WDE Spotlight: The OtherAbilities

In WDE Spotlight, we give the floor to several designers from the Embassies. This time, we talk to Eva Fotiadi and Adi Hollandr, two members of The OtherAbilities initiative, part of the Embassy of Inclusive Society in 2022. What is their background? What inspires the initiative? What do they hope to achieve through their work? You can read about it in this Q&A!

Type Update
Published on 20 October 2022
Part of Embassy of Inclusive Society
WDE Spotlight: The OtherAbilities
Part of Embassy of Inclusive Society

Can you tell us a bit more about yourself, your background, and your design practice?

We participate in the Embassy of Inclusive Society with the Haptic Room Studies, a collaborative project between artists Adi Hollander, Andreas Tegnander, Ildikó Horváth, Sungeun Lee, art historian Eva Fotiadi and architect Yonatan Cohen. It is the second project of The OtherAbilities initiative, founded in 2019 by Adi Hollander and Eva Fotiadi (Ph.D.). OtherAbilities investigates the implications, possibilities, and feasibility of sensory translation within art, design, and technology domains. The initiative is a hub for experimental interdisciplinary projects focusing on multisensory art and sharing art with a broader audience.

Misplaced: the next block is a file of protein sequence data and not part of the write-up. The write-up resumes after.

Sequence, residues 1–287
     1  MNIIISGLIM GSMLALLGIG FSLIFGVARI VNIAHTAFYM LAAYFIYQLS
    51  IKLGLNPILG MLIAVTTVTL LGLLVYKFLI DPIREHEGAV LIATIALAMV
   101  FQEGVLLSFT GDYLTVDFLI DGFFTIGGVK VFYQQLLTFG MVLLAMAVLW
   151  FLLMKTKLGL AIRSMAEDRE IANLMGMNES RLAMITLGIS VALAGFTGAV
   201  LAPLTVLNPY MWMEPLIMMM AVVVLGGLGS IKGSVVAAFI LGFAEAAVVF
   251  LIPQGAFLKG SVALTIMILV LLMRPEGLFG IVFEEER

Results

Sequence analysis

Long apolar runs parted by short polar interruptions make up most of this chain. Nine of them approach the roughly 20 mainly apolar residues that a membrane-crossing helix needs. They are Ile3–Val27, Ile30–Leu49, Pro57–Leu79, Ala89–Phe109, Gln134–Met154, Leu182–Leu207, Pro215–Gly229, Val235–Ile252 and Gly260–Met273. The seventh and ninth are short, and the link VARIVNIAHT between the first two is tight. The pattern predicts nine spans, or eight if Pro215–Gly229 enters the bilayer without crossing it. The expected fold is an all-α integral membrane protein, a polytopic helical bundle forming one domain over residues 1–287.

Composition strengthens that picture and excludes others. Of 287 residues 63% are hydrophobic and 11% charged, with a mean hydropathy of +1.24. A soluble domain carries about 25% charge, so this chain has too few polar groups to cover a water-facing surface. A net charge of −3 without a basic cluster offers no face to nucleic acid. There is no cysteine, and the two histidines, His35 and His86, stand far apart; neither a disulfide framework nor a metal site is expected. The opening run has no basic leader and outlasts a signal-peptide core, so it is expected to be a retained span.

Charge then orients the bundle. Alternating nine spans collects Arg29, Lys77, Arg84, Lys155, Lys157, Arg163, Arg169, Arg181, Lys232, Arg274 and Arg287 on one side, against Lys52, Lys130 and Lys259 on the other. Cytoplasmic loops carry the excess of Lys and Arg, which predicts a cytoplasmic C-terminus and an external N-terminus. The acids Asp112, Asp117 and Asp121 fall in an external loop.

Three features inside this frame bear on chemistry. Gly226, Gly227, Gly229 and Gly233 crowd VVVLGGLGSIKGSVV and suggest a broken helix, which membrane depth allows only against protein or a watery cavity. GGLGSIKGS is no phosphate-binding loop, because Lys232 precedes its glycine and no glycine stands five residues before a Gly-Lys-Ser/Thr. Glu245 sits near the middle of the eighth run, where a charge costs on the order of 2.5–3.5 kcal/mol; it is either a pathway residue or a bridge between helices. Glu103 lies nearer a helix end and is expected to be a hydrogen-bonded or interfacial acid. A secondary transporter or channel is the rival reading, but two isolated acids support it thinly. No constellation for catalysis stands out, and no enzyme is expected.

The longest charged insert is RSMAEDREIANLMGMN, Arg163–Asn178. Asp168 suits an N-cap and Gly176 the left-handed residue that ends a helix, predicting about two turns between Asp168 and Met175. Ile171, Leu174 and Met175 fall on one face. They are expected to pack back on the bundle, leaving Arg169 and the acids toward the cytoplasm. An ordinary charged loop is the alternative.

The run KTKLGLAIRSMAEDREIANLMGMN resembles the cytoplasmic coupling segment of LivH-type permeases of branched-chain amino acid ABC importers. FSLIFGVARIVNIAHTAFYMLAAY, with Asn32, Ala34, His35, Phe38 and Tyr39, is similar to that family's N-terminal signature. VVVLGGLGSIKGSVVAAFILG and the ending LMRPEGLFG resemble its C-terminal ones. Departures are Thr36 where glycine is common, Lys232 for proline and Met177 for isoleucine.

Your project is part of the Embassy of Inclusive Society during Dutch Design Week 2022. What can you tell us about this project and what stage it is now?

We will present two Haptic Room Studies: #1: Porcelain Membrane Wall and #3 Conversation Piece. It is our first public presentation of the Haptic Room Studies. It is a presentation of lengthy research and a test of our proposal on turning the architectural design of exhibitions into a universal accessibility tool available to artists, curators, and audiences alike. We have started working on related ideas in 2019 with the project What Do I Hear?, for which a larger team was involved than for the Haptic Room Studies. That was a broader research in sensory translation in art with sound and tactility as the main common denominators, and it led to several prototypes. We selected some of the conclusions and lessons of that project and moved on to the Haptic Room Studies.